US Economic Chartbooks
Please see our Economic Week Ahead Chartbook for a discussion of next week's economic releases provided in a visually friendly format that includes graphs, brief descriptions of SMR's forecasts, and links to detailed data previews. If you missed anything from last week, see our Economic Week in Review Chartbook for a look back at the releases with links to full analyses.
Fixed Income Focus: Very Busy Week Ahead...Q2 Mortgage Financial Accounts
The Treasury bill curve was steeper this past week following the FOMC outcome, and ahead of quarter-end and the looming deadline for money-market reforms, but the coupon curve was flatter as bonds led a strong rally following the FOMC and Bank of Japan decisions, supported by expectations that central bank assistance for asset prices overall will continue.
The latest financial accounts report from the Fed showed that residential mortgage debt increased $60.0 billion in the second quarter, the largest increase since the first quarter of 2008. Government agencies continue to finance most residential mortgage debt, but banks are holding more mortgages on their balance sheets, and bank holdings of agency debt/MBS reached another record level in the second quarter. Also, money market mutual funds' holdings of agency securities jumped $105.2 billion in the second quarter, the largest increase since the fourth quarter of 2008.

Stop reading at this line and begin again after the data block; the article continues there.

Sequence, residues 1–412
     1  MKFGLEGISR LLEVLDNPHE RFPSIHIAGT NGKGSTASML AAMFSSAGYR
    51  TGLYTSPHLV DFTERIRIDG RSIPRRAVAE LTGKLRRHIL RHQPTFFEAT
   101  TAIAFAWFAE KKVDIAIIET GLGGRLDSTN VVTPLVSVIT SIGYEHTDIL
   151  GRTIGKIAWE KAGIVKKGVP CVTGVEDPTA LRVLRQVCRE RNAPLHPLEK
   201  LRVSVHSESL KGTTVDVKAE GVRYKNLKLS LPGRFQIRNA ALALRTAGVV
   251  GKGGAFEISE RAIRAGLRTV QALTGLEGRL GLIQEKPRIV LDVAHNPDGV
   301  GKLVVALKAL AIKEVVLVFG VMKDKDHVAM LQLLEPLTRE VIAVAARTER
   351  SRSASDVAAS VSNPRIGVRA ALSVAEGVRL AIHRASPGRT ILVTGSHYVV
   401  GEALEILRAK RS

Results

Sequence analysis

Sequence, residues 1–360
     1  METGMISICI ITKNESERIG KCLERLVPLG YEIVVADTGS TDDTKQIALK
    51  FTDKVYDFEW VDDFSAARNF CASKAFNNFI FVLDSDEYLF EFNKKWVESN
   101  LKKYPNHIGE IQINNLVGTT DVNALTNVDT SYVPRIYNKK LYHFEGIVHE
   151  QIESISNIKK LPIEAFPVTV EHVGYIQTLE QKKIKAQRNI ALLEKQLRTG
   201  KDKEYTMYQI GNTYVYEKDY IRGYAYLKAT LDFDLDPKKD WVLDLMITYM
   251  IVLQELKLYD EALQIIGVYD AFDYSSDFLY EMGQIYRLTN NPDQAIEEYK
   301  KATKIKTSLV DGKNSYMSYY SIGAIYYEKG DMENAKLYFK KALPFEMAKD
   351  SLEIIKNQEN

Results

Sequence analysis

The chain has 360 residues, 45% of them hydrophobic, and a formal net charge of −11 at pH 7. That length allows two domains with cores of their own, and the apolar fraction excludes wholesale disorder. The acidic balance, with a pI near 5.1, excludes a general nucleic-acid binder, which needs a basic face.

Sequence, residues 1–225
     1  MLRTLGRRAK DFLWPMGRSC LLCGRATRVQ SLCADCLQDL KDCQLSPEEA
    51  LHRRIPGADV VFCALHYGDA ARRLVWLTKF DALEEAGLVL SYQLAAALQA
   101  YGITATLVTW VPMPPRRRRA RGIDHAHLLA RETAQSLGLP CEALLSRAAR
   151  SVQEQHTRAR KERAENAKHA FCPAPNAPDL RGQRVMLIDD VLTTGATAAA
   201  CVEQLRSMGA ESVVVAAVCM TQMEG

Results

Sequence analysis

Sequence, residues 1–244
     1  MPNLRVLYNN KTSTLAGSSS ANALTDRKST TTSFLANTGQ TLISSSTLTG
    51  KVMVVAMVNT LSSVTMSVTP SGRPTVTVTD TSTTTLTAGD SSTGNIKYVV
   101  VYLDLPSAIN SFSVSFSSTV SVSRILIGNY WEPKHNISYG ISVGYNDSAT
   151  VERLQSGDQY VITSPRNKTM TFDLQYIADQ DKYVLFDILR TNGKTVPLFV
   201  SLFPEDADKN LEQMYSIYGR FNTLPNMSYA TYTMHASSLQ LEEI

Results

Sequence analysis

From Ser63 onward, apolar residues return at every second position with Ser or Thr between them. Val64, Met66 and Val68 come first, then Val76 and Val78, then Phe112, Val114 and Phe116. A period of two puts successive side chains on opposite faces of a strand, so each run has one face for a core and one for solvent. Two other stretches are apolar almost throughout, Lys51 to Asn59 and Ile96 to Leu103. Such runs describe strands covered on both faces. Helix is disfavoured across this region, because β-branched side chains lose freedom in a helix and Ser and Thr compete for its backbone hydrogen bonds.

Fixed Income Focus
Oxford Economics Weekly Research Highlights
As part of our partnership with Oxford Economics, we are now sharing Oxford Economics’ Weekly Research Highlights. It includes their top research pieces from the past week and a list of other research they published. Click here to view the Weekly Research Highlights from last week
Weekly Research Highlights
Oxford Economics/SMRA Podcast
Earlier today Greg Daco, Kathy Bostjancic (from Oxford Economics), and Rubeela Farooqi participated in a Oxford Economics/SMRA Podcast regarding the outlook for the US economy. Listen to the Podcast here
Yellen in Brief - Why Not Rather than Why?
* Yellen seemed to be presenting the arguments as to why the FOMC did not hike rates rather than why it was on hold for now.
* Monetary policy characterized as "modestly accommodative", perhaps reflecting downgrade in longer-run fed funds rate.
* FOMC does not suffer from "groupthink".
* Emphatically rejected that the FOMC is political in its decision-making.